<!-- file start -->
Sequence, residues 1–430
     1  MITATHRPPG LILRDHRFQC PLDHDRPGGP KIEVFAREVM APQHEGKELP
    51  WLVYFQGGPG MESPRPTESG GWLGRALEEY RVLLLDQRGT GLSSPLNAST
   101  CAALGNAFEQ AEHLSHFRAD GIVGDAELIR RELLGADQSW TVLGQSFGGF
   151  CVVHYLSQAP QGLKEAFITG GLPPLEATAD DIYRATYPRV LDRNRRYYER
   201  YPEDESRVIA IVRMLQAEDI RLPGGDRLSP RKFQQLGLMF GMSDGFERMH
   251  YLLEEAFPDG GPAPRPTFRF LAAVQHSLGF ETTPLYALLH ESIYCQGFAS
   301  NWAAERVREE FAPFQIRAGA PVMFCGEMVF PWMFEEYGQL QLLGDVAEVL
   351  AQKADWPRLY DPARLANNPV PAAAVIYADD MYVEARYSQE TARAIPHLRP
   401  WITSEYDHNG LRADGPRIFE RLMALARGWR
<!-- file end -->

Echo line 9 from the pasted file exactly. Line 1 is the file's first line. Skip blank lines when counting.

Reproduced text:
   351  AQKADWPRLY DPARLANNPV PAAAVIYADD MYVEARYSQE TARAIPHLRP